Schenectady County

Little League fields deal off

Schenectady County officials are no longer interested in buying property off Guilderland Avenue wher

Schenectady County officials are no longer interested in buying property off Guilderland Avenue where they intended to build Little League fields, one of the landowners said Wednesday.

Angelo Caschera, one of five owners of the 8.9 acres, said the deal fell through last month after county officials determined they couldn’t build some of the fields to regulation size. The county Legislature authorized purchase of the land for $260,000, provided at least three fields could be built.

Caschera said the group is still considering options after waiting more than a year for the county to finish studies. For now, he said, the idea is to revive a plan to build two soccer fields.

“We don’t know yet,” he said Wednesday. “We’re still up in the air.”

Preliminary reports by the Army Corps of Engineers in June showed enough land was available for four playing fields plus other improvements. Previously, county officials indicated their purchase agreement with the five owners would expire this month.

Ray Gillen, the county commissioner for economic development and planning, said the property is suitable for three fields, but not optimal for the Rotterdam Little League’s purposes. He said county officials still haven’t made a final determination.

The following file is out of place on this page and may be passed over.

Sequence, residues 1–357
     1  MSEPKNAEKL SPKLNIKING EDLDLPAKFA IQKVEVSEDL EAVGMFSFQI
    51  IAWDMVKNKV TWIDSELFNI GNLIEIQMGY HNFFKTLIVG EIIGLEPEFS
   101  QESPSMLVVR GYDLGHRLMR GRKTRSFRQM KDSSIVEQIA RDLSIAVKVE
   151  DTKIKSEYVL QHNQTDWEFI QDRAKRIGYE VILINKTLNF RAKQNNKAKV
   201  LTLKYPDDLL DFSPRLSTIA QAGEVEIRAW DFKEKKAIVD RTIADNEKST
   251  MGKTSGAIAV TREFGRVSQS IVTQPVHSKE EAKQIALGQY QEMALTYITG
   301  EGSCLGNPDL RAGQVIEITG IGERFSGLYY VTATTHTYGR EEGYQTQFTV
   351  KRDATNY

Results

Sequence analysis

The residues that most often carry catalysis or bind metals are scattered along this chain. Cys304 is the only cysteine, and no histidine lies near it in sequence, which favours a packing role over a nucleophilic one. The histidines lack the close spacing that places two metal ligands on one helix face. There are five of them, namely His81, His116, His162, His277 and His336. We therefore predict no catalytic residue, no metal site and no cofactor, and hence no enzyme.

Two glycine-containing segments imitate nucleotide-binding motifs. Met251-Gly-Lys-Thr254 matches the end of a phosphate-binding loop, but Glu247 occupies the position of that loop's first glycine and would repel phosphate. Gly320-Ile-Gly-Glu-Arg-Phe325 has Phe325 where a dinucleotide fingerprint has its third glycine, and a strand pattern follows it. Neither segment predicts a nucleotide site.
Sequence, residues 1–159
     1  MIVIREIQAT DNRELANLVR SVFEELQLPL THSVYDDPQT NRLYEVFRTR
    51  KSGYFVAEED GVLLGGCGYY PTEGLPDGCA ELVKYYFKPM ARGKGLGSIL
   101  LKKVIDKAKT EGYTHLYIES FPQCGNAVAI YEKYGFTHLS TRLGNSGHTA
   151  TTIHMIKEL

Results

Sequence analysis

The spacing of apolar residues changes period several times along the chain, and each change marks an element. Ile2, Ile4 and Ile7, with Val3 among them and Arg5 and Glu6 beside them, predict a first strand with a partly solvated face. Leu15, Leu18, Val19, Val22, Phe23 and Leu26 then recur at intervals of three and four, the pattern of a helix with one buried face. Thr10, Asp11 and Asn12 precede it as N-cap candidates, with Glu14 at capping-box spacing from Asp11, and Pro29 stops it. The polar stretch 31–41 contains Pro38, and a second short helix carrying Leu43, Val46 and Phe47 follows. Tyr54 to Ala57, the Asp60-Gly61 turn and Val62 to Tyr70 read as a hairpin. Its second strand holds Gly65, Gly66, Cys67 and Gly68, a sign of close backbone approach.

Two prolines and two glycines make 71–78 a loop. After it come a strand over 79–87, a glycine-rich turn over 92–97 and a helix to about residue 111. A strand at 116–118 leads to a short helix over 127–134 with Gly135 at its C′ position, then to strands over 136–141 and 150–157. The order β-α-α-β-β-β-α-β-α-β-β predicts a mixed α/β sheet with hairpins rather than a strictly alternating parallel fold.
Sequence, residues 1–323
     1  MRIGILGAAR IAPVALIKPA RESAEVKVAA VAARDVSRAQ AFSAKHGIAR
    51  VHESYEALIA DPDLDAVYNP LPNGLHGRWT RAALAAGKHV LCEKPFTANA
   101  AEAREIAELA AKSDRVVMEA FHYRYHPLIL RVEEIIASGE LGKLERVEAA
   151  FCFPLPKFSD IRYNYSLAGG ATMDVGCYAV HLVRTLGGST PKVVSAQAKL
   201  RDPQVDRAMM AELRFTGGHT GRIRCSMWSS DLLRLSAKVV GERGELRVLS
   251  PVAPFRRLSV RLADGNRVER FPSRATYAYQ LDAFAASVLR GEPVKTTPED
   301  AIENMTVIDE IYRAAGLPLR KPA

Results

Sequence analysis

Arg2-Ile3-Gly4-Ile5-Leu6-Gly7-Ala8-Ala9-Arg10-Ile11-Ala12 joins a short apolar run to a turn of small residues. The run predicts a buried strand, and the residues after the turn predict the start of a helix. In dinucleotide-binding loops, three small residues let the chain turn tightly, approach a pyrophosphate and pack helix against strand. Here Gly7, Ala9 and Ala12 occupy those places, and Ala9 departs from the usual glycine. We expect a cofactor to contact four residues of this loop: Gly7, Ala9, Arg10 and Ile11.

“It’s functional, but its not optimal,” he said Wednesday.

League President Robert Caprara said continuing to plan at the Guilderland Avenue site didn’t make sense because the property wouldn’t have changed the organization’s need for field space. He said the league alerted the county it wasn’t interested in the property last month.

“It didn’t really make much sense to go further because we’d still be looking for land,” he said.

Ever since local developer Timothy Larned purchased the former Republican Club property in 2002, league officials have braced for a future without the four fields there. Plans for a Wal-Mart on the property in 2005 and an attorney’s opinion about the liability of leasing the fields in 2006 prompted the league to push their search for new baseball diamonds.


Larned granted the league a reprieve in October, when he agreed to allow play through the 2008 season on the Republican Club land. His property has four baseball diamonds and represents about half of the league’s field space, which has others available in the town.

Gillen said part of the apprehension over using the Guilderland Avenue property is on the part of league officials, who are anticipating a major investment in the new fields. Plans include nearly $1 million worth of improvements, including a 150-spot parking lot, lighted fields, locker rooms, restrooms and a snack bar, league officials said last summer.

“These guys would rather do it right, and we want to do it right as well,” Gillen said.

The solution for the league could rest with an agreement among the three neighboring towns of western Schenectady County. Rotterdam Supervisor Steve Tommasone said he’s contacted officials from both Princetown and Duanesburg about working together to seek a shared park that could also be used for the Little League.

“It’s my hope that the three of us can work together for a park in the western part of the county that can help us all,” he said.

Caprara said such an idea could be difficult to achieve because of the district guidelines of Little League. But if the right proposal comes along, he said there are ways to try to make it work.

“The good thing about Little League is that they do grant waivers,” he said.

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